Daphne Greenberg, Ph.D., is Associate Professor in the Department of Educational Psychology and Special Education at Georgia State University and Associate Director of Georgia State University’s Coalition for the Study of Adult Literacy. Her research interests focus on family literacy, health literacy, and word reading processes of both children and adults. Two current research projects include the evaluation of various reading instructional approaches for adults who have low literacy skills, and an investigation of the climate for LGB learners in adult literacy programs. Greenberg is the book review editor for the Adult Basic Education and Literacy Journal and has published articles in the Journal of Educational Psychology, Scientific Studies of Reading, Journal of Adolescent and Adult Literacy, and Annals of Dyslexia. She is moderator of the Diversity and Literacy and Reading and Writing Skills electronic discussion lists, sponsored by the National Institute for Literacy. Greenberg has tutored native and non-native English speaking adult nonreaders and has helped communities organize and develop community-based adult literacy programs.

Charles A. MacArthur, Ph.D., is Professor of Special Education and Literacy in the School of Education at the University of Delaware. A former special education teacher, MacArthur teaches courses on literacy problems and writing instruction. His major research interests include writing development and instruction for struggling writers, adult literacy, development of self-regulated strategies, and applications of technology to support reading and writing. MacArthur is currently principal investigator of a research project developing a writing curriculum for developmental writing courses in community colleges. He served as co-editor of The Journal of Special Education for 5 years, and serves on the editorial boards of several other journals. MacArthur has published over 100 articles and book chapters and edited several books, including the Handbook of Writing Research and Best Practices in Writing Instruction.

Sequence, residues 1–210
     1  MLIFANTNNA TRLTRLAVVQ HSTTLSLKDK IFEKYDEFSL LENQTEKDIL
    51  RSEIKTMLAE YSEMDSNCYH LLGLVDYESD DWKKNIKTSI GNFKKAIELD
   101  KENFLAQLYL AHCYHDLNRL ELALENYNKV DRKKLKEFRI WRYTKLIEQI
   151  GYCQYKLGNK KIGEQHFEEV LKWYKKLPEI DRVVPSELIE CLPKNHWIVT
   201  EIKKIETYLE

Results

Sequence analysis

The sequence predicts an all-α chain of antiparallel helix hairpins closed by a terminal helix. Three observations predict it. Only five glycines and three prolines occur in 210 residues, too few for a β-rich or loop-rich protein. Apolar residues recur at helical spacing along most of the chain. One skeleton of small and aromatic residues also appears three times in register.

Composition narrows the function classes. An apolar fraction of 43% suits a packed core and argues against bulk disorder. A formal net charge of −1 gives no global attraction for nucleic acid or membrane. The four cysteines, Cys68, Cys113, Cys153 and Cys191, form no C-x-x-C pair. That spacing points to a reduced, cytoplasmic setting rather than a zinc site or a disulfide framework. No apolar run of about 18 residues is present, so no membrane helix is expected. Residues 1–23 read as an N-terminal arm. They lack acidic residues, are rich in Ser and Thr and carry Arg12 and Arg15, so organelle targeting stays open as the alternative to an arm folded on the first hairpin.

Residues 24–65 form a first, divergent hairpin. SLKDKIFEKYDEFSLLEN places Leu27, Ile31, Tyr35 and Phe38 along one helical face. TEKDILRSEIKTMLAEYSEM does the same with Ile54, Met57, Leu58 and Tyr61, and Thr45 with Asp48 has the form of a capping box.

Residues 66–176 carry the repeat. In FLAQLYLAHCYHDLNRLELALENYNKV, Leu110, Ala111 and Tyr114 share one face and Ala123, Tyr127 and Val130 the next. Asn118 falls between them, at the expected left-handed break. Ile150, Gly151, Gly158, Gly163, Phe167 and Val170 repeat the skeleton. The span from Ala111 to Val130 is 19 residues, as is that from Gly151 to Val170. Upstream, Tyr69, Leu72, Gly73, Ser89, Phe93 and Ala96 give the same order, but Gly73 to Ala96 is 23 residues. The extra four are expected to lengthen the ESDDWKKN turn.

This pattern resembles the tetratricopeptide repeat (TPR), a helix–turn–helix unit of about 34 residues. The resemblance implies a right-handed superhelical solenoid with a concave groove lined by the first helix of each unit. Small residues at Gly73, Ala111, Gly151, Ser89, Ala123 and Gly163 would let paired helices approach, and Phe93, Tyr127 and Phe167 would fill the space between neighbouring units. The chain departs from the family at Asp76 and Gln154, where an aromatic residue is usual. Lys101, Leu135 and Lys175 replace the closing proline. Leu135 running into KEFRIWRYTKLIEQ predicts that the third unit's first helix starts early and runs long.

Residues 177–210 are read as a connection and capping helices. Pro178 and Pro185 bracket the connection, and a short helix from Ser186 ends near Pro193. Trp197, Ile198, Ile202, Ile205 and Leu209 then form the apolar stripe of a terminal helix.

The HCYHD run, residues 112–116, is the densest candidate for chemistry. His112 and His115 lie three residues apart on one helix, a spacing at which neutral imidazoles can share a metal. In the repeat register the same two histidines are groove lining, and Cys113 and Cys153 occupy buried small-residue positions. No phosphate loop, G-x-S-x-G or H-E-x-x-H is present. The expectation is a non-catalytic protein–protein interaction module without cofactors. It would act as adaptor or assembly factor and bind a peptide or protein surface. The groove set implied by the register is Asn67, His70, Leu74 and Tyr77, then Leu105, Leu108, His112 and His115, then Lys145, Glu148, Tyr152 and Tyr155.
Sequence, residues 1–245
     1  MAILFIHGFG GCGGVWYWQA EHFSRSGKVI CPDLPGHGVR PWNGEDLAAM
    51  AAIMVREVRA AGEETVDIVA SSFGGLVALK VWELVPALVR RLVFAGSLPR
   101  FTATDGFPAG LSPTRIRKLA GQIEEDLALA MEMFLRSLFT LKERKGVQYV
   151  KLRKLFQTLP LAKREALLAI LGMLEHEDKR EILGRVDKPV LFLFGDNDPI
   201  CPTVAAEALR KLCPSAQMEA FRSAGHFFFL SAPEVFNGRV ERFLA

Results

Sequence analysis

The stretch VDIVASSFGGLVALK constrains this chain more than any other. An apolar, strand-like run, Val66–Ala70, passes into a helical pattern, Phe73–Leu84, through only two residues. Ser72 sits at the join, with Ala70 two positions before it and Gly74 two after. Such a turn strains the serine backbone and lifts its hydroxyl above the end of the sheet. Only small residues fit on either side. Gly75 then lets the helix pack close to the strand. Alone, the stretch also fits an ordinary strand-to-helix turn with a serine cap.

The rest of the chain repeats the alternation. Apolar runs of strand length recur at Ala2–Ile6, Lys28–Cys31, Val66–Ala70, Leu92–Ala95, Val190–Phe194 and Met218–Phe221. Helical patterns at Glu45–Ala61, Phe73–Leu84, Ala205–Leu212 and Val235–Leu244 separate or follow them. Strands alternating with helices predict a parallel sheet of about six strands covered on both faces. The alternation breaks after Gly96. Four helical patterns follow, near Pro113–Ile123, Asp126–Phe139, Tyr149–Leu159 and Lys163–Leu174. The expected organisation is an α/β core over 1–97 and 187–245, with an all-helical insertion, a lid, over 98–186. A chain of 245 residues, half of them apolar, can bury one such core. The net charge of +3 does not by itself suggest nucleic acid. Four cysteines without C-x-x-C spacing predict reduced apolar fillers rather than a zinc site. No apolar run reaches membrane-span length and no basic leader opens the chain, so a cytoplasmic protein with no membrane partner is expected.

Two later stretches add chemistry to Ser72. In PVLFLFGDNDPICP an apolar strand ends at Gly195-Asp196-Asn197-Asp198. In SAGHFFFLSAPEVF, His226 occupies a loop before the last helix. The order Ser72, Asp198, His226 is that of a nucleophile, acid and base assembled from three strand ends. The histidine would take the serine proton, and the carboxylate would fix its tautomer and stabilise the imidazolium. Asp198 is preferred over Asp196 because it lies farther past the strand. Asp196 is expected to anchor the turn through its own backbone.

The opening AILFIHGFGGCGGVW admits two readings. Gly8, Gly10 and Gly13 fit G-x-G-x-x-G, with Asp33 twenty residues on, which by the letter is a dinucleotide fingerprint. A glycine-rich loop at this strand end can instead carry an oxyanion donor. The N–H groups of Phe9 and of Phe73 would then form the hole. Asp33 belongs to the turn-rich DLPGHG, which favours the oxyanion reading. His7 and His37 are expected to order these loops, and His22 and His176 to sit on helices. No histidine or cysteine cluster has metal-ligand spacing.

Daryl Mellard, Ph.D., is Associate Research Professor at University of Kansas. His research examines education and employment issues for adolescents and adults. Mellard’s current projects include serving as the principal investigator for an adolescent and adult literacy intervention study with Job Corps participants funded under the Institute of Education Sciences (IES) an appointment to the National Academies of Science’s Committee on Learning Sciences: Foundations and Applications to Adolescent and Adult Literacy. He is also one of the principal investigators at the National Dissemination and Technical Assistance Center on Response to Intervention. Mellard co-wrote RTI: A Practitioners Guide to Implementing Response to Intervention (Corwin Press, 2008) with colleague Evelyn Johnson.